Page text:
There is a unique practice in China that involves providing allowances to journalists to attend events, originally for covering the reporters’ travel expenses. The amount of the allowance varies from RMB 500 to 2,000 ($70-$278). It does not serve as a guarantee of reporting. It should be noted that media allowances can sometimes blur the line between independent reporting and paid advertising, especially in light of the commercial pressures often faced by Chinese media and their desire for business cooperation with companies.

Key expertise of China Advocate

  • Corporate Communications
  • Public Affairs
  • Issue & Crisis Management 
  • Healthcare Communications 
  • Technology Communications

Top 3 advice for foreign companies navigating the communications environment in China

1. Strong Relationships with Industry Media and State Media
Having a good relationship with trade media will help you raise awareness among customers and generate business leads, while a relationship with state or mainstream media can help position your foreign company as a contributor to China, not a threat, and enhance your reputation with deep influence.

2. Employing Local Thinking, Language and Talent
China has its own way of doing things, so while foreign companies can still use their global advantages, they should also deploy local wisdom. This includes understanding local cultural and social norms, as well as using local language and communication strategies to interact with the media and the general public. Copying from the U.S. or other markets won’t simply work here.

3. Looking at China as the World’s No. 2 Country
Big returns require big investments. You’ll need to make certain PR investments (and keep them up) to make a real noise and impact. China values long-term views, and you’ll need to have a comprehensive understanding of Chinese business, government and brands to design a top-level communication strategy. A macro perspective is necessary to understand the interconnectedness of these factors and to navigate effectively.

China Advocate’s 5Rin1 model can be used as a theoretical framework to guide a foreign company’s reputational efforts in the Chinese market. This model includes Public Relations (PR), Government Relations (GR), Corporate Social Responsibility (CSR), Customer Relations (CR), and Expert Relations (ER), being integrated into one single framework.

Most influential media for consumer communication in China

  • China Central Television
  • Xinhua News Agency
  • The Paper
  • South Metropolis Daily

Most influential media for corporate communications in China

  • China Central Television
  • Xinhua News Agency
  • China Daily
  • 21st Century Business Herald or China Business News
  • Caixin or Caijing

Most popular social media channels in China

WeChat: 1.3 billion monthly active users worldwide. WeChat is a popular app in China that allows users to chat with friends, family, and business partners, as well as access various services such as payment, transportation, and health care.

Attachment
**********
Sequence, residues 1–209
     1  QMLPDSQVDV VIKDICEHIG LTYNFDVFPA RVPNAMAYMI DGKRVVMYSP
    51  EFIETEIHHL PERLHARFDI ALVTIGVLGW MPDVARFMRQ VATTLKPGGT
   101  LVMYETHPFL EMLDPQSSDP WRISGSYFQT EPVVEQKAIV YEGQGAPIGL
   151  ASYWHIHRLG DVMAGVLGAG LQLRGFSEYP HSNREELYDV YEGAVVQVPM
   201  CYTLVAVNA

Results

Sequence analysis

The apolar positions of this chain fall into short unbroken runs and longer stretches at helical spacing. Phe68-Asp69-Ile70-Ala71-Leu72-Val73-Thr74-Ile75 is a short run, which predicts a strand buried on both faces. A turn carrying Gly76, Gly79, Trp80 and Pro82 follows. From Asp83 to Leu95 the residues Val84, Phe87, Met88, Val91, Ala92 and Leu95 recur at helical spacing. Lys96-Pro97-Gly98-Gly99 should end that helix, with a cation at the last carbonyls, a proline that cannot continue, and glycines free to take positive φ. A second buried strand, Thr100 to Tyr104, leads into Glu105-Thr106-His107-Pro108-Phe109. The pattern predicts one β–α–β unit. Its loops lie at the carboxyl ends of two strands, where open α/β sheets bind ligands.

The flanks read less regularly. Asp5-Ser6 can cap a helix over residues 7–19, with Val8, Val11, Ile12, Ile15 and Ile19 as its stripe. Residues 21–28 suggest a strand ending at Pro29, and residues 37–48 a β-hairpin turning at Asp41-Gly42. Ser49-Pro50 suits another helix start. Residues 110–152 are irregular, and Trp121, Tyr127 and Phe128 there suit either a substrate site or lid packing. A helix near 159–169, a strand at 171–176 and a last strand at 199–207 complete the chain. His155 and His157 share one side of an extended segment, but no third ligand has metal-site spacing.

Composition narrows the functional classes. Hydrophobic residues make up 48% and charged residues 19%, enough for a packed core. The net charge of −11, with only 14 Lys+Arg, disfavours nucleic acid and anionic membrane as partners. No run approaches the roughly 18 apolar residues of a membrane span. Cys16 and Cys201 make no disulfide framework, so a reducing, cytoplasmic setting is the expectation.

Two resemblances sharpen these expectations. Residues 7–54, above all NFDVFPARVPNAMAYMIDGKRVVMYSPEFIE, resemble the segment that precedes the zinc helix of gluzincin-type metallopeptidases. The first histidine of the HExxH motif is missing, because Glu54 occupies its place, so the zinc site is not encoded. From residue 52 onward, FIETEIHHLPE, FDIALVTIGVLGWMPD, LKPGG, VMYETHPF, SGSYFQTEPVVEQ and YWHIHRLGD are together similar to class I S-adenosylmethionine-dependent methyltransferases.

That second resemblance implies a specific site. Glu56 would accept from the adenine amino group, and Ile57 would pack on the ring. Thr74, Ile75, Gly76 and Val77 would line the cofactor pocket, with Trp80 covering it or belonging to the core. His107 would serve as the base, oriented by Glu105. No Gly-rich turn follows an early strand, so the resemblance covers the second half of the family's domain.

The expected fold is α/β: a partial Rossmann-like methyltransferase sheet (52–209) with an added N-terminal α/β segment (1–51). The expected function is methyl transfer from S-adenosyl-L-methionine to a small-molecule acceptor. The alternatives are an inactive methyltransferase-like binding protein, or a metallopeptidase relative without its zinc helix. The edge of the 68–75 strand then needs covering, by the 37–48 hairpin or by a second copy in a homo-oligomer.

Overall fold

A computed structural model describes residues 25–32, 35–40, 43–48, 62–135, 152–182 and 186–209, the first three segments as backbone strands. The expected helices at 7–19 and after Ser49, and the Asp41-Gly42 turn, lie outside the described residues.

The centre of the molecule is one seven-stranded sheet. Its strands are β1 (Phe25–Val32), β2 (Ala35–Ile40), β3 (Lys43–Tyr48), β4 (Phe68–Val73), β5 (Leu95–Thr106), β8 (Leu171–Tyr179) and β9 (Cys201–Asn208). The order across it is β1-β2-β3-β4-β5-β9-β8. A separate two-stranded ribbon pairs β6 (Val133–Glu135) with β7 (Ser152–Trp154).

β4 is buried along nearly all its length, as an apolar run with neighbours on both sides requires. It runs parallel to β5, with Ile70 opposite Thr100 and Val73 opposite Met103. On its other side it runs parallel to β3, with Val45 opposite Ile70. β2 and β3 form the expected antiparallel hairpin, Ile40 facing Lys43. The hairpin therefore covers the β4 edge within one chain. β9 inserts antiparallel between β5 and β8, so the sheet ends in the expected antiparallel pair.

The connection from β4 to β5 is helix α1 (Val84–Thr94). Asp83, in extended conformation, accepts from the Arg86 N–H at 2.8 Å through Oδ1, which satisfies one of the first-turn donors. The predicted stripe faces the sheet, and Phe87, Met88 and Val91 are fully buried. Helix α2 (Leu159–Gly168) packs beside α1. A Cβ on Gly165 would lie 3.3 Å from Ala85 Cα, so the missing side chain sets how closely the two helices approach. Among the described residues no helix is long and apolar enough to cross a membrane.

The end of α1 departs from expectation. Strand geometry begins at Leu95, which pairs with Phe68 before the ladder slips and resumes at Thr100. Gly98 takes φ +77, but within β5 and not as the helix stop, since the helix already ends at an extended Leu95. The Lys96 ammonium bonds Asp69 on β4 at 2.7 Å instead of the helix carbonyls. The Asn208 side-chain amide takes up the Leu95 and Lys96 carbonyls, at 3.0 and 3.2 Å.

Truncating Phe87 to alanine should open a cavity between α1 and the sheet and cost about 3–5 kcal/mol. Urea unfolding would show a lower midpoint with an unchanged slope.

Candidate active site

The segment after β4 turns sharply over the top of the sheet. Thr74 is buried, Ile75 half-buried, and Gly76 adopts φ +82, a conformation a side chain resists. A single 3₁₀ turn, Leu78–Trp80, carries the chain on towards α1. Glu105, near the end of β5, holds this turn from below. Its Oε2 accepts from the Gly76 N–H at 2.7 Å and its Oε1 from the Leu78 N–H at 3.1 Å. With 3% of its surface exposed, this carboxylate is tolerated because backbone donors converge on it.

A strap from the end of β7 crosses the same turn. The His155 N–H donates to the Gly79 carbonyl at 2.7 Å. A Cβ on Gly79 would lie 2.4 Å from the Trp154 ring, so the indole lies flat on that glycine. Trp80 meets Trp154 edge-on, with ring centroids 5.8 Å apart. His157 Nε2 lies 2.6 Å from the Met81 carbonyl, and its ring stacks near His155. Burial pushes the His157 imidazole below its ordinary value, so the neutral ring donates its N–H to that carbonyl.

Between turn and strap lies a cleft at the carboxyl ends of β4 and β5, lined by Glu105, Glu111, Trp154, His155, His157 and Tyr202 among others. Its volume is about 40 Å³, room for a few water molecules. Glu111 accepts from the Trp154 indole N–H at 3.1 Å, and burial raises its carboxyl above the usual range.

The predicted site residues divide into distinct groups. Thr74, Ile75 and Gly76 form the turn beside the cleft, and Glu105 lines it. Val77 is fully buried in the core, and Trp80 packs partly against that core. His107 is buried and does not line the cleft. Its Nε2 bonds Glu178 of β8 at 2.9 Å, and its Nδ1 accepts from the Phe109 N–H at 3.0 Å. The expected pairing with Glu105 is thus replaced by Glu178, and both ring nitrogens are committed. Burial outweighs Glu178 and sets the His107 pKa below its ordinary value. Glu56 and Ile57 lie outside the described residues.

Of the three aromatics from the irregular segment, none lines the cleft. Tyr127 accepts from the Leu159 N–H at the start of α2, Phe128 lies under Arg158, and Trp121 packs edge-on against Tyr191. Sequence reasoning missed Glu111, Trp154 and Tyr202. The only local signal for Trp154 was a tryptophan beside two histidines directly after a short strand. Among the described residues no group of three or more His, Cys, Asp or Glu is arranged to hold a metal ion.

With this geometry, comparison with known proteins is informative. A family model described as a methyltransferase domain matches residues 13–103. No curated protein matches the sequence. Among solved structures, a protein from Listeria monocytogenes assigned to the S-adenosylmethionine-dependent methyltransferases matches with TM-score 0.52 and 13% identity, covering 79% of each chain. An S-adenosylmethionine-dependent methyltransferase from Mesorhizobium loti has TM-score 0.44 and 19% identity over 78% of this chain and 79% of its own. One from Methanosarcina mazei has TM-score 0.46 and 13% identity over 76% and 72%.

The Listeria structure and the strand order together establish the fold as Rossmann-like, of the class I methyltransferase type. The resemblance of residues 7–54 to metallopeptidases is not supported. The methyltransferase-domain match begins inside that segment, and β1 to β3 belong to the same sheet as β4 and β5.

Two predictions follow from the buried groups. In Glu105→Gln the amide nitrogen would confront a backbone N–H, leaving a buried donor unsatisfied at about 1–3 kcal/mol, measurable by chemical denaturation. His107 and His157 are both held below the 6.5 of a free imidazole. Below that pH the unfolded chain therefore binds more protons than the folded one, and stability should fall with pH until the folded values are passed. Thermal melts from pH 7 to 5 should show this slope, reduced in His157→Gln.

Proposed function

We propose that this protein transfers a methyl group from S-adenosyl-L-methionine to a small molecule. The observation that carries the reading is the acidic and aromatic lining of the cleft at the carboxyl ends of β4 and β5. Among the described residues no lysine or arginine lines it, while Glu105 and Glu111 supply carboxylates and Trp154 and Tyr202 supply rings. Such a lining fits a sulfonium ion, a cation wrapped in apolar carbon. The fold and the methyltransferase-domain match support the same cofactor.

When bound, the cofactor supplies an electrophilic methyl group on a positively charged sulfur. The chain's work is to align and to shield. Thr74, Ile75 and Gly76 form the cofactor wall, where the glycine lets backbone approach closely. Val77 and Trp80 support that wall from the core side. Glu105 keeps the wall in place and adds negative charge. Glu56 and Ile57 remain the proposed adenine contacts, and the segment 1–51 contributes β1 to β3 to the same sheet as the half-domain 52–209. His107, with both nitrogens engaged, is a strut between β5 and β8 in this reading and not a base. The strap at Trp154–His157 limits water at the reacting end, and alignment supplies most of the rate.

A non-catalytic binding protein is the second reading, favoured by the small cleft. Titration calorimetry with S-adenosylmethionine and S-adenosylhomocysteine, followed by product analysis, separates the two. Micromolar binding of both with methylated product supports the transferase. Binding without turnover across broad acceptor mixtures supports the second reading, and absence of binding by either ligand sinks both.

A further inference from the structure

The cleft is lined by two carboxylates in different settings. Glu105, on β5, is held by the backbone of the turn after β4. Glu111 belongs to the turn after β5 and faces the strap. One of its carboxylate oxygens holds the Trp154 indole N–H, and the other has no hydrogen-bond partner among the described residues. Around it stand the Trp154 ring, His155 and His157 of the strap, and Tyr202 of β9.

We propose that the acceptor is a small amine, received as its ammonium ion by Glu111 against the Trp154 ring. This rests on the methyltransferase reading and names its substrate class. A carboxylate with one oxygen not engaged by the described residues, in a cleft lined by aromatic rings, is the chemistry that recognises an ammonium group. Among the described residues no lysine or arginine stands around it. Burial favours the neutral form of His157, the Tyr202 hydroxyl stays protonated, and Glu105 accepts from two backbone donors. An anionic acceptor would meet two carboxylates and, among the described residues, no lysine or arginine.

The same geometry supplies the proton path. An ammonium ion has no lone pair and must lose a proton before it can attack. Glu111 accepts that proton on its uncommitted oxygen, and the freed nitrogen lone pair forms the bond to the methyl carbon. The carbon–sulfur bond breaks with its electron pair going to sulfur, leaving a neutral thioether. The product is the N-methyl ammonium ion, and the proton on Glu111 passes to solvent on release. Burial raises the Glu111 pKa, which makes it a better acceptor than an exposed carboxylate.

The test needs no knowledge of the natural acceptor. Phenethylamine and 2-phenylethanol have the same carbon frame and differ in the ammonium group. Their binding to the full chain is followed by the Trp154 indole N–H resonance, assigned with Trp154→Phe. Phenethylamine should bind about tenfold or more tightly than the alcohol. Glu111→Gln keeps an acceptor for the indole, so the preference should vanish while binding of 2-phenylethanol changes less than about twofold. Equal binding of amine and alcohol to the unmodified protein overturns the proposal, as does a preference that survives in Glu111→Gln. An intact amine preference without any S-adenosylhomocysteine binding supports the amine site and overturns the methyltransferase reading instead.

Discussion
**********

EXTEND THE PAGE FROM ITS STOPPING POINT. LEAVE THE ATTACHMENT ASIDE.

Weibo: 600 million monthly active users. Weibo is a platform that allows users to share content, interact with others, and engage in various forms of entertainment.

Douyin: 800 million daily active users worldwide. Douyin is a video-sharing platform that allows users to create and share short videos.

Toutiao: 120 million daily active users. Toutiao is a news aggregation platform that provides users with personalized news content based on their interests and behaviors.

Little Red Book: 200 million monthly active users. Little Red Book is a photo-sharing platform that allows users to share their lifestyle photos and videos.

Zhihu: 100 million monthly active users. Zhihu is a question-and-answer platform that allows users to ask and answer questions related to various topics, such as technology, science, and culture.

Most important international events in China

1. China International Import Expo (Nov.5-10)

2. World Internet Conference and China International Service Trade Fair (Dates TBD)

3. Boao Forum for Asia (March 26-29)

4. Trade events:

China in Numbers*

Population: 1,409 million (2023)
Languages spoken (official): Mandarin (official; Putonghua), Yue (Cantonese), Wu (Shanghainese), Minbei (Fuzhou), Minnan (Hokkien-Taiwanese), Xiang, Gan, Hakka dialects, minority languages (Zhuang, Mongolian, Uyghur and Tibetan)
Religions (% of population): Folk religion 21.9%, Buddhist 18.2%, Christian 5.1%
GDP per capita (in USD): $12,622 (2023)
(Real) GDP growth rate: 5.2% (2023)
Inflation rate: 0.2% (2023 est.)
Unemployment rate: 5.2% (2023)
Key sectors and industries (% of GDP) agriculture: 7.9%, industry: 40.5%, services: 51.6% (2017 est.)
Mobile penetration (per 100 people) 122 (2021 est.)
Internet users (% of population) 73% (2021 est.)
Corporate profit tax: 25%
Consumer tax or VAT: 6%
Shawn Jiang Xiaofeng
Managing Director, China Advocate

Shawn is a seasoned expert with a focus on business growth, strategic marketing and communications, issues and crisis management across Asia. He is founder of China Advocate, an award-winning agency with clients such as LinkedIn, Boston Scientific, LyondellBasell, Siemens and ByteDance. 

Previously, Shawn was co-founder and CMO of Somur Gene, a Chinese leading consumer genetic testing company, and a founding member of an award-wining boutique agency. He has worked as a Director at Weber Shandwick, supervising public affairs and strategic communications practice, and has also worked at Ogilvy on the technology practice. 

He has provided counseling to companies including Apple, Microsoft, DuPont, Bayer, McDonald’s, ABB, DIT of British government, CCPIT Shenzhen, APP, Oriental Dream Works, Stratasys, Borouge, Clariant, Eastman and others.

Before that he was North Asia Area PR manager at shipping company Maersk Group for four years. During his tenure, the Group’s reputation score among stakeholders such as media and government successfully improved. 

He provided consultancy to Beijing Government on fostering creative clusters. He graduated from Wuhan University and he is a guest lecturer in Peking University and often invited by media for comments. He received his EMBA degree from the top-ranked China-Europe International Business School, which has the largest, most influential alumni EMBA network in China. Shawn is well connected with China’s entrepreneur community, including Huawei, JD, Alibaba and Meituan.